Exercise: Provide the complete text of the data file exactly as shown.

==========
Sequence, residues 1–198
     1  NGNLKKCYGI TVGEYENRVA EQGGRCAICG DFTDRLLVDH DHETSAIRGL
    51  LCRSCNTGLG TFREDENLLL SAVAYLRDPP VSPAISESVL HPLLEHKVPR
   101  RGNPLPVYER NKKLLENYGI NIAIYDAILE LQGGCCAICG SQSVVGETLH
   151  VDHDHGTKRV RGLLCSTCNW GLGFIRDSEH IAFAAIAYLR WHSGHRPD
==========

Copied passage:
Sequence, residues 1–198
     1  NGNLKKCYGI TVGEYENRVA EQGGRCAICG DFTDRLLVDH DHETSAIRGL
    51  LCRSCNTGLG TFREDENLLL SAVAYLRDPP VSPAISESVL HPLLEHKVPR
   101  RGNPLPVYER NKKLLENYGI NIAIYDAILE LQGGCCAICG SQSVVGETLH
   151  VDHDHGTKRV RGLLCSTCNW GLGFIRDSEH IAFAAIAYLR WHSGHRPD